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Hello, this is Jim and I’m a dual-qualified lawyer (UK & Republic of Ireland) happy to help you today.
If there is no deed or declaration of trust in place then the default position is 50/50 split. But if you can show more payments towards the mortgage then you can ask the court to depart from the default position and ask for more than 50%.
Have you worked out what your entitlement is against his? 3 property valuations should be sought so the average market price can be determined and from that you can work out the available equity.
Thanks, TOLATA is the law to determine a split of the proceeds - but like I say, the court can be asked to make a different order if you can evidence more payments. The solicitor will hold on to the sale proceeds until this dispute is resolved. The court application is £308. You can make a TOLATA claim - do you have a solicitor yourself?
It's wrong to say he is entitled to 50% under TOLATA by the way. Yes, legally he is, but TOLATA is the law the courts refer to when there is a dispute over percentage ownership.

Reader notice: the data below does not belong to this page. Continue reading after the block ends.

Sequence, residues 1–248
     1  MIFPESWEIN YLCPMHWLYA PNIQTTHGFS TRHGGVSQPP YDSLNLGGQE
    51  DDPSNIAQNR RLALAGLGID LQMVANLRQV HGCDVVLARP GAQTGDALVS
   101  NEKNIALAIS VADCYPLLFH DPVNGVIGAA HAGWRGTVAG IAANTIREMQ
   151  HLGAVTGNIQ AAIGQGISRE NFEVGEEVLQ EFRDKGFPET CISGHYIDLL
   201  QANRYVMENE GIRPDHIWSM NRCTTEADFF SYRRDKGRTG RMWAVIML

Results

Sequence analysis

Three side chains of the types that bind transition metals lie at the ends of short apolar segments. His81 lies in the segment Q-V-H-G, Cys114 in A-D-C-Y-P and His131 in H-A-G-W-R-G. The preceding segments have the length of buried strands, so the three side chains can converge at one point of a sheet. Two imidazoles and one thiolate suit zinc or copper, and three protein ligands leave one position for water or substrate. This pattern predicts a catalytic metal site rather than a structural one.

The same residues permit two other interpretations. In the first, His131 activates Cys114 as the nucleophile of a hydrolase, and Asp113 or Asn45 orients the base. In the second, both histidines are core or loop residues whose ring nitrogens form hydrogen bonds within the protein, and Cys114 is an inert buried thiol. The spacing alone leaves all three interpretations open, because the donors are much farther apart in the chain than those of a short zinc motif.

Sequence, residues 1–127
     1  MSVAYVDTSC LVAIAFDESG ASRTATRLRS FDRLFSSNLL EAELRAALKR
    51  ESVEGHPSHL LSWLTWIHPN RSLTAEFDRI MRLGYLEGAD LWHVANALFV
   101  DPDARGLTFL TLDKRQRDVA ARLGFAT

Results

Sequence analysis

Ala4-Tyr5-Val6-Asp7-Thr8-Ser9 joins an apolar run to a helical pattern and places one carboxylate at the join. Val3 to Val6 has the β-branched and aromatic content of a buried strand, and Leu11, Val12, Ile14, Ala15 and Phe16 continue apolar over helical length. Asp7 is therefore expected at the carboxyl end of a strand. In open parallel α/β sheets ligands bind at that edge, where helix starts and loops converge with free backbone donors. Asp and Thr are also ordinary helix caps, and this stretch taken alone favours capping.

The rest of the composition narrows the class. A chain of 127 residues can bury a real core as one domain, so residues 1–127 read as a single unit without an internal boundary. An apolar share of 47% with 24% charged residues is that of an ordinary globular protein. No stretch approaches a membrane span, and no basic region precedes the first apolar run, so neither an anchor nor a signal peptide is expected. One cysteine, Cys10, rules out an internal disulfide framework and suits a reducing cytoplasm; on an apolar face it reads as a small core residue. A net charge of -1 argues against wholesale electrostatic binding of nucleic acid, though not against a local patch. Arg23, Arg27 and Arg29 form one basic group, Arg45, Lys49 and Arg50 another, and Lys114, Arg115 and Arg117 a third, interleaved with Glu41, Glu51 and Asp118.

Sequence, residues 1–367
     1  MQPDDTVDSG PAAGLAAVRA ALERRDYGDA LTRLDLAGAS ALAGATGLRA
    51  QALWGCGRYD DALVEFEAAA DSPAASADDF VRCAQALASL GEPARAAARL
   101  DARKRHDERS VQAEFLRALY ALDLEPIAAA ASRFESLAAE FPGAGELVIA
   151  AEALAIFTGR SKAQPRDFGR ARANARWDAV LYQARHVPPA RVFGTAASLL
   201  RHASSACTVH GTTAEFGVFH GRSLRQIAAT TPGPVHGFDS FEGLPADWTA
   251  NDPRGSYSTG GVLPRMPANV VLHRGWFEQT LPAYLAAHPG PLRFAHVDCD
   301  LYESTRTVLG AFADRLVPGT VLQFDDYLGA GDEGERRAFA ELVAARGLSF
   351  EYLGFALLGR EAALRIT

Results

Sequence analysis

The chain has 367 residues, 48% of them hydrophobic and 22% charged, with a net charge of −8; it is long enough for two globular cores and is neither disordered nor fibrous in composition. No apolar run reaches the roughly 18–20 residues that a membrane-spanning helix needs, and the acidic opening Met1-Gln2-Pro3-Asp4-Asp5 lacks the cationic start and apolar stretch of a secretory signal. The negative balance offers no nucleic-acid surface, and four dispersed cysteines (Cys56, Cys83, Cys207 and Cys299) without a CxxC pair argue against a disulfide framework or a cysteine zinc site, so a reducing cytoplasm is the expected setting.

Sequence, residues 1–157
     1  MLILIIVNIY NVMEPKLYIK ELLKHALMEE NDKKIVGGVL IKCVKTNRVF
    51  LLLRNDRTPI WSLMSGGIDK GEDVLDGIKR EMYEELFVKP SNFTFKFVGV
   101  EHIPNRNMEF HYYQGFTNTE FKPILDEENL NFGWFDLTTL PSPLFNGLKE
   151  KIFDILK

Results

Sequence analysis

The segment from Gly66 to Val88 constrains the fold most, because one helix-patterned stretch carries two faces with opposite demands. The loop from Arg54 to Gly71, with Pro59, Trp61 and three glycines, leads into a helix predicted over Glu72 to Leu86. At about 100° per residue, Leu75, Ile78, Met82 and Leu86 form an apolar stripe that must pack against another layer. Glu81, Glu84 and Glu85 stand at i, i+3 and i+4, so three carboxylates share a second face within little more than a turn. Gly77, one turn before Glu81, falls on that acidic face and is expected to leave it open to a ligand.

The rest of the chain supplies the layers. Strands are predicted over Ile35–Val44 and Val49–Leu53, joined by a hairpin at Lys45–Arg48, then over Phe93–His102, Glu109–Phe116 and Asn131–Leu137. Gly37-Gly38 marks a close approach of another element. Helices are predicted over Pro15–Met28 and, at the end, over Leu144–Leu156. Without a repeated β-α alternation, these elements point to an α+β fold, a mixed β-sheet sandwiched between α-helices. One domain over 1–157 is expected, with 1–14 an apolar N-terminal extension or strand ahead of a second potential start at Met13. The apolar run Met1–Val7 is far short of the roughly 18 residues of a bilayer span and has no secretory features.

Yes, your financial input is definitely taken in to account. The court fee is £308 and that's it. It only gets expensive if you pay a solicitor to do this for you - what are his current circumstances?
It may be more cost-effective to get a law firm to write to your ex's solicitor, before court proceedings are issued. Where in the UK are you?
Thanks, the court can take those details in to account too including the fact he never lived in the property, etc.
A solicitor would be a good idea - a letter from them may resolve this dispute which may save you having to issue court proceedings. I found these who should be local to you :
TOLATA claims can be complex but each case is different - the dispute with yours shouldn't make it too complicated in my view.
I hope this helps? If you would kindly leave me a 5 star rating (at the top of your screen), the question will stay open and any follow up questions are welcomed.
Yes, the deposit is taken in to account as under TOLATA it is a financial contribution. You could make an offer, yes. I think they're hoping that because you don't currently have a lawyer, you will just accept what they are saying / proposing.